He might have become a successful auditor and a respected university lecturer, but life at school for Howard Penny, was not easy as a result of his mental condition, ADHD.
‘I was very unmotivated. I’d go sit at the back. I then would inevitably listen for 15 minutes and start chatting to a friend next to me about another topic and inevitably get kicked out of class, over and over again. I ended up getting kicked out for being distractive’, says Howard.
Being restless in class is one of the characteristics of children with ADHD and that earned Howard a bad reputation amongst teachers.
‘Teachers used to drag me down a lot. I used to be ‘that naughty, stupid, lazy child’. Those are three words I heard a hundred times. I just started giving up and became more and more despondent. I was still getting through school and passing from standard six to seven to eight and then in nine, I started failing my core subjects, my Maths, my English (and) my Afrikaans’, said Howard.
Educational psychologist, Jane Jarvis explained why conventional teaching methods were not effective in Howard’s case.
‘They (ADHD children) are very demanding. They often need a lot of repetition or extra attention or re-focusing. So, they take a lot of the teacher’s time, even though they are often a small minority in the class. We are talking about five to seven percent of children having this difficulty’, she said.
Just when Howard thought there would be no end in sight of his misery at school, the intervention of child psychiatrist, Dr David Benn in the year 2000, changed his life.
‘In standard nine, I got in contact with Dr Benn and my life literally took a 360 (degree turn). With help and treatment, I started building confidence’, he says proudly.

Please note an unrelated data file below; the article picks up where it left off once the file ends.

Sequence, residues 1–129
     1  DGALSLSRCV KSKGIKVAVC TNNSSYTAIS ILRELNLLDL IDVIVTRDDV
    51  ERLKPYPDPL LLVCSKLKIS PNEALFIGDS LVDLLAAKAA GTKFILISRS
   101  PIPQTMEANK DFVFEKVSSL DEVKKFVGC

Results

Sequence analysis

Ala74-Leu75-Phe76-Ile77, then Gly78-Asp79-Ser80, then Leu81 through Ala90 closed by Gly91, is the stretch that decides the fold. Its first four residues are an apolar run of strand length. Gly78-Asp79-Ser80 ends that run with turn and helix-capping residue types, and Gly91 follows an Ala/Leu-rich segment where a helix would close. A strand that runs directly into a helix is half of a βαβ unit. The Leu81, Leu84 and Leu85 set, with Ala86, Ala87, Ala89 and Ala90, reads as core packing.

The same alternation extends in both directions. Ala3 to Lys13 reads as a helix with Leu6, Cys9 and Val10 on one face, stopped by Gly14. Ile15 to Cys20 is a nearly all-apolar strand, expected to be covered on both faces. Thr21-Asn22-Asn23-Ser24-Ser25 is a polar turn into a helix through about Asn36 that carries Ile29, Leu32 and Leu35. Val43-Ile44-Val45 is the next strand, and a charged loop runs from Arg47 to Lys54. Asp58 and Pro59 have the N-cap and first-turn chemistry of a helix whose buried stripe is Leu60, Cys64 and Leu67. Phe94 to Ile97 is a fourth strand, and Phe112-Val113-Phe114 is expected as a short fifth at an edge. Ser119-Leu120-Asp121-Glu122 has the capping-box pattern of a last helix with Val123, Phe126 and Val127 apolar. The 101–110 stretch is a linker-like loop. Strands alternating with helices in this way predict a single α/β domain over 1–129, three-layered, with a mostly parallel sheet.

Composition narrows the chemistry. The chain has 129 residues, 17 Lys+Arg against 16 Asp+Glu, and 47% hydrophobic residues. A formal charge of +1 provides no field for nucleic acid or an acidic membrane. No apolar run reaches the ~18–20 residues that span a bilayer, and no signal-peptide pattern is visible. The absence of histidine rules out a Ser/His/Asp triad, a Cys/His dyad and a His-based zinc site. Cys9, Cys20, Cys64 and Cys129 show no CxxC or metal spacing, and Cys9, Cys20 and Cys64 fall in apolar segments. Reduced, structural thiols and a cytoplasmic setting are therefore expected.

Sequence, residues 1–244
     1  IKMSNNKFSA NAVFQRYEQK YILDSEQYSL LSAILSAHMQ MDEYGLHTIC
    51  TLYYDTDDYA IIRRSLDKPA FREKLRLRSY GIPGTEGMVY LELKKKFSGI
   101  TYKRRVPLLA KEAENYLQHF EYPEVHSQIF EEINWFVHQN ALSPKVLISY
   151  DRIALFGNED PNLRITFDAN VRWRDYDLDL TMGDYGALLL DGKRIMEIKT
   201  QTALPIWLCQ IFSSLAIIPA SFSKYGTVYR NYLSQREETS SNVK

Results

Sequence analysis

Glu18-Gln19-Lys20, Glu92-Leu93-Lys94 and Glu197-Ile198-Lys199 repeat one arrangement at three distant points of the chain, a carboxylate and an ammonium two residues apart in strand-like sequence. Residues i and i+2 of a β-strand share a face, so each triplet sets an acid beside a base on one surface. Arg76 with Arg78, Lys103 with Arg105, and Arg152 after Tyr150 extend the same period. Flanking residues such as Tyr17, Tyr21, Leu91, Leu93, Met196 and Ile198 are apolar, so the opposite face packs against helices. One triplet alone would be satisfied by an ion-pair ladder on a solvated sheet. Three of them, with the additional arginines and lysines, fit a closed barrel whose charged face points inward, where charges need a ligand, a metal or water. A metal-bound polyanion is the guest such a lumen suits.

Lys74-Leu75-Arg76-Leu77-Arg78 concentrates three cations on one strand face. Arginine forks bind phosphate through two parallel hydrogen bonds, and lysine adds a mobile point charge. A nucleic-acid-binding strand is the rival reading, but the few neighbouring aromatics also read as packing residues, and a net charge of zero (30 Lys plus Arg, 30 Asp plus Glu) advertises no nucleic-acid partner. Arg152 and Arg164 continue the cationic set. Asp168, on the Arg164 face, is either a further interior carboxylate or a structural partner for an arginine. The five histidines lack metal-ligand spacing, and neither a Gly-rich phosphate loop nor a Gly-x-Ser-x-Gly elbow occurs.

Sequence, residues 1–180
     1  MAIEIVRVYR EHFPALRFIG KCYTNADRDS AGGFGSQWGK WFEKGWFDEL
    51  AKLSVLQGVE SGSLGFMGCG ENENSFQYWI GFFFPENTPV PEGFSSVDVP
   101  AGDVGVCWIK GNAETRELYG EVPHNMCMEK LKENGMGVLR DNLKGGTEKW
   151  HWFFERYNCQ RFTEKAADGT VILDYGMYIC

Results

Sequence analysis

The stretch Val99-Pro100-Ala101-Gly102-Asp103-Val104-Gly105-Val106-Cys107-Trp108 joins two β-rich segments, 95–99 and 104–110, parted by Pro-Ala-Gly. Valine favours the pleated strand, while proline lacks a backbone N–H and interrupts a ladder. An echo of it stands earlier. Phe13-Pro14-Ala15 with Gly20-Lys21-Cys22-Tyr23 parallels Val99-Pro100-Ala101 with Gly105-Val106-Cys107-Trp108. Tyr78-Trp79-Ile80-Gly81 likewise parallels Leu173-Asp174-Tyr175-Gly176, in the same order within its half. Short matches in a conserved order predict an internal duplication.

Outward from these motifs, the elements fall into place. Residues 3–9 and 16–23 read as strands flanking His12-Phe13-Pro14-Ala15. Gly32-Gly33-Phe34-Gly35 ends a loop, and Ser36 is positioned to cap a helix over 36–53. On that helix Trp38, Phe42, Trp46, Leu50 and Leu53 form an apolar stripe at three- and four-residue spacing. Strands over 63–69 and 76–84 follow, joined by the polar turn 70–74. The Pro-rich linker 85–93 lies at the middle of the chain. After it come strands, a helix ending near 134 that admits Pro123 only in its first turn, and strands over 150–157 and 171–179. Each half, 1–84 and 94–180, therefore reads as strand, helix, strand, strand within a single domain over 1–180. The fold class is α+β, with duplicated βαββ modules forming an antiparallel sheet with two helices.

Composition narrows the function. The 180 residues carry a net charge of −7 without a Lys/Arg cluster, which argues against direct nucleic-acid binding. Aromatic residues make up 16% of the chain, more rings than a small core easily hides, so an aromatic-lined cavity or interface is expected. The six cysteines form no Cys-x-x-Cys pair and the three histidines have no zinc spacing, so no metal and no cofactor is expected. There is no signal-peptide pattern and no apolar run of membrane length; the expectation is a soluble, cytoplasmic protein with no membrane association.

Explaining why concentration spans are significantly low in ADHD children, Howard’s psychiatrist Dr Benn said that: ‘In the brain, there is a lot of feed-back on the main mechanisms that focus attention. We think those feed-back mechanisms don’t work properly and often when the medication is taken, it stimulates those feed-back mechanisms’.
Psychologist, Jane Jarvis stresses the importance of parents helping ADHD children build self-esteem, as it starts to erode due to their inability to effectively control and manage behaviour.
‘The only thing that predicts success of an ADHD child is self-esteem. If they truly believe that they are ok and they leave school believing they are ok, they will be ok ‘ they will find the accommodations that they need to help them become successful adults.
But, at the moment too many of them are leaving our school system with low self-esteems, believing that they are lazy, believing that they are naughty, believing that they are never going to amount to anything. This is how they live the rest of their lives and that is very sad to me’, she said.
Howard steadily re-gained self-esteem and the results are obvious where he works.
‘My ADHD is an advantage in my career. It helps my work because I have more energy. I’m more enthusiastic than my peers. My peers describe me as ‘always looking like I’m walking on sunshine’, and for me that’s the ADHD’, said Howard, passionately adding that, ‘continuous change, motivates me’.